Symbiotic Fungi Have New Found Impact on Atmospheric Carbon Levels

by Tom Edathikunnel



Among the intricacies of the food chain, decomposers are often overlooked and ignored. These organisms, specifically those of the fungi kingdom, are critical to the recycling and redistribution of nutrients throughout an ecosystem. New research has added a deeper and more apparent level of importance to these eukaryotic organisms, linking many microscopic root dwelling fungi to the storage and release of carbon from the soil into the atmosphere.

According to a new research published by the University of Texas at Austin, the role of fungi on the global climate is currently vastly unaccounted for. Some types of symbiotic fungi, those that operate in cooperation with an ecosystems flora, can lead up to 70 percent more carbon stored in the soil.

“Natural fluxes of carbon between the land and atmosphere are enormous and play a crucial role in regulating the concentration of carbon dioxide in the atmosphere and, in turn, the Earth’s climate”, states Colin Averil, lead author on the study at the College of Natural Science at UT Austin.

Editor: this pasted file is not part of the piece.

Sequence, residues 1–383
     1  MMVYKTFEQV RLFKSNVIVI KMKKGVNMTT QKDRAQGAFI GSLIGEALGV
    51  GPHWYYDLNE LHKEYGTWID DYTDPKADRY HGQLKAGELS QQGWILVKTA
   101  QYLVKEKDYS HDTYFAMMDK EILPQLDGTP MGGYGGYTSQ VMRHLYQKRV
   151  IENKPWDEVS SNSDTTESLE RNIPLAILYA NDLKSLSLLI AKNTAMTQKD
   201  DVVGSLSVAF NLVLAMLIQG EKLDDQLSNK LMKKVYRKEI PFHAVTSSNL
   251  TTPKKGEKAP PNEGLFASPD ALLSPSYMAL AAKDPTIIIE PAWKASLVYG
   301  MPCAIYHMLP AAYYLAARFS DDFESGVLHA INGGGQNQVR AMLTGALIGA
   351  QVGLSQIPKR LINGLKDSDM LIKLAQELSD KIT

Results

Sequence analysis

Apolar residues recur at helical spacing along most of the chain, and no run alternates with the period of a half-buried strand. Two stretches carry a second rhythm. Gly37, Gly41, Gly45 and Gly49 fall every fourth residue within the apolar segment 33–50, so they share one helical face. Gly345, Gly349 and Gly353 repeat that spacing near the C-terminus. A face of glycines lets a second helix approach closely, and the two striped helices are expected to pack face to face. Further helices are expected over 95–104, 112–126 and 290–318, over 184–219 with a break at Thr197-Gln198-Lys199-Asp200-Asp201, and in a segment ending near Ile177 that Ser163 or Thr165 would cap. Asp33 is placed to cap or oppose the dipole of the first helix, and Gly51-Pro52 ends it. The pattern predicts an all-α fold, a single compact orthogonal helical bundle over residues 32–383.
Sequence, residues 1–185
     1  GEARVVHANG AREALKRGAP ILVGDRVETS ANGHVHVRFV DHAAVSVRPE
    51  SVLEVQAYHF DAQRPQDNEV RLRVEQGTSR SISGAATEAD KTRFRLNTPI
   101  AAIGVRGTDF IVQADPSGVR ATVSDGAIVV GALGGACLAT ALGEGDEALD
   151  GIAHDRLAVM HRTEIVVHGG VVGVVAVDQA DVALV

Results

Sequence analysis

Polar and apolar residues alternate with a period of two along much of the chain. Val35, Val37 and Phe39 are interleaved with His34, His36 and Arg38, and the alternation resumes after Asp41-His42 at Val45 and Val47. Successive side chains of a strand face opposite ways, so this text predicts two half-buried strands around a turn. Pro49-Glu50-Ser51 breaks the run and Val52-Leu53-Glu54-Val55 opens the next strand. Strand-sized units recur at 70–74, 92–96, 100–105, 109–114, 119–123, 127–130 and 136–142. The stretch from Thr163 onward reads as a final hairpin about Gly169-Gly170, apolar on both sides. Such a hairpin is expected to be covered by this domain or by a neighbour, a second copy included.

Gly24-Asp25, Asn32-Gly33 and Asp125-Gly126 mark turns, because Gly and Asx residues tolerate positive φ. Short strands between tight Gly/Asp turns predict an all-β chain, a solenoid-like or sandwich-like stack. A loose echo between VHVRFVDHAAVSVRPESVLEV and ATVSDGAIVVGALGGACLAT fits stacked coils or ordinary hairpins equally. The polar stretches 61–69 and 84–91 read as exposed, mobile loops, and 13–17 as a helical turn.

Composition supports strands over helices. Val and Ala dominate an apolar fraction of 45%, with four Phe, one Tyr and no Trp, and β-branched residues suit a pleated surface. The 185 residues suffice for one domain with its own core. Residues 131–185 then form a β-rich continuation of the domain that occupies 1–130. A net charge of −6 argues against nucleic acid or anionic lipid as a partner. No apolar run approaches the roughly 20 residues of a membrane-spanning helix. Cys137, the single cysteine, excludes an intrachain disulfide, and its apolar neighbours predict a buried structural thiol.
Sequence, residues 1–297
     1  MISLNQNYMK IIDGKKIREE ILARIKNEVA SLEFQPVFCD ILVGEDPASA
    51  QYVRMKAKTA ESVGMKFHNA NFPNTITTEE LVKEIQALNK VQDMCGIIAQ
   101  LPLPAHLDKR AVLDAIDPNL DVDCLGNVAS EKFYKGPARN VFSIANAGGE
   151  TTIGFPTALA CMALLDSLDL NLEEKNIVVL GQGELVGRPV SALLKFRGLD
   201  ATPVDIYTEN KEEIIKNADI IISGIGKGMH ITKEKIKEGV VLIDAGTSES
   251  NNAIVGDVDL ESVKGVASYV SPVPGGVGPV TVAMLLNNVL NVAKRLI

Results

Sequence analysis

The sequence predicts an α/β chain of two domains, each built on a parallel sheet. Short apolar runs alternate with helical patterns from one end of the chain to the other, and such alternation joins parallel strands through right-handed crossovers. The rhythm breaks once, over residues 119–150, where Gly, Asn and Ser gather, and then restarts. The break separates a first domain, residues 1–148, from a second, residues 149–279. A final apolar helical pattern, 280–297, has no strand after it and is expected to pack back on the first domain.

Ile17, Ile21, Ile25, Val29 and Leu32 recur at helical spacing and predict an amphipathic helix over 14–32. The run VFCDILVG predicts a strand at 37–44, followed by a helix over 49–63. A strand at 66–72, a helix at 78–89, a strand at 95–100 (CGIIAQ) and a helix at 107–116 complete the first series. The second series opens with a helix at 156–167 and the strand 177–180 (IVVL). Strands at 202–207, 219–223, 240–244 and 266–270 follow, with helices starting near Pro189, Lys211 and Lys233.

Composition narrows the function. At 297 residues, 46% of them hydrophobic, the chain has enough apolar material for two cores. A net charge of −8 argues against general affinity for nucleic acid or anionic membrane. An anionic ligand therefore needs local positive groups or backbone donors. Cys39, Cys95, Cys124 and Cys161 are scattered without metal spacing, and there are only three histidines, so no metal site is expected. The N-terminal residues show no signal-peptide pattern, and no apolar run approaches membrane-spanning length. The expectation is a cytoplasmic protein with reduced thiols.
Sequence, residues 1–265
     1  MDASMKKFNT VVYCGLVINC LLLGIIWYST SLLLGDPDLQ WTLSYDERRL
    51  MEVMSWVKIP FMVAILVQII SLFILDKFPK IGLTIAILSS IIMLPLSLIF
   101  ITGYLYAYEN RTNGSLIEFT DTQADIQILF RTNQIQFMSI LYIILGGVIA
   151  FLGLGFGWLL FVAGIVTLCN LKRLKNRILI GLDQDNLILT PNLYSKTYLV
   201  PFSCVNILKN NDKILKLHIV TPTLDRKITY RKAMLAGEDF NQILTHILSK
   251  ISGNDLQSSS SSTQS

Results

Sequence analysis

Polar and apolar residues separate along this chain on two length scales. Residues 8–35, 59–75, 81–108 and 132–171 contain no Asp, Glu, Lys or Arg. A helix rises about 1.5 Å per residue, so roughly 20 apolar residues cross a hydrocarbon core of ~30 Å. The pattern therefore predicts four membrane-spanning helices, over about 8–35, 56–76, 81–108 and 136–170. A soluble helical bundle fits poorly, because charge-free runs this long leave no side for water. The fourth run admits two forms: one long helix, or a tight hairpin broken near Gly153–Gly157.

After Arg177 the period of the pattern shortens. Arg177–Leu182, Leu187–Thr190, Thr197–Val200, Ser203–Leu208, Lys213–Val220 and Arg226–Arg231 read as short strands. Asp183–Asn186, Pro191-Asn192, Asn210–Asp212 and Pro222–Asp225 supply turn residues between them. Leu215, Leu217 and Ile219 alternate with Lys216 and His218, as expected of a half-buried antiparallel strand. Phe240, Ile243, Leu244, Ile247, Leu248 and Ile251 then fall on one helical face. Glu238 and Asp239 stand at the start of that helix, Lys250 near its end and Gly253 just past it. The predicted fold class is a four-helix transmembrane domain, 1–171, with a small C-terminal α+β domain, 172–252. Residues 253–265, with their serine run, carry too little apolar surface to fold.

Nitrogen Cycle

The data regarding the role of fungi demands a refocused look on how atmospheric greenhouse gases exert changes in soil and ecosystems. Soil contains more carbon than both the atmosphere and vegetation combined, which means that studying future climates depends on the in-depth understanding of how carbon cycles through land and air.

Plants utilize carbon, in the form of carbon dioxide, during photosynthesis. When the plan dies it adds additional carbon to the soil.  As fungi and other eukaryotes decompose it, its carbon is released back into the atmosphere. Fungi also play a pivotal role in the recycling of nitrogen. Most plants have a symbiotic relationship with root dwelling fungi, which help extract nitrogen and nutrients from the soil and make that nitrogen available in the soil for plants to absorb.

The new importance of fungi in the natural order of ecosystems highlights the vastly complex flow of energy throughout an environment. With so many variables and factors filtering and distributing resources, it becomes more apparent that humanity still remains vastly ignorant of how specific parts and species contribute to the whole.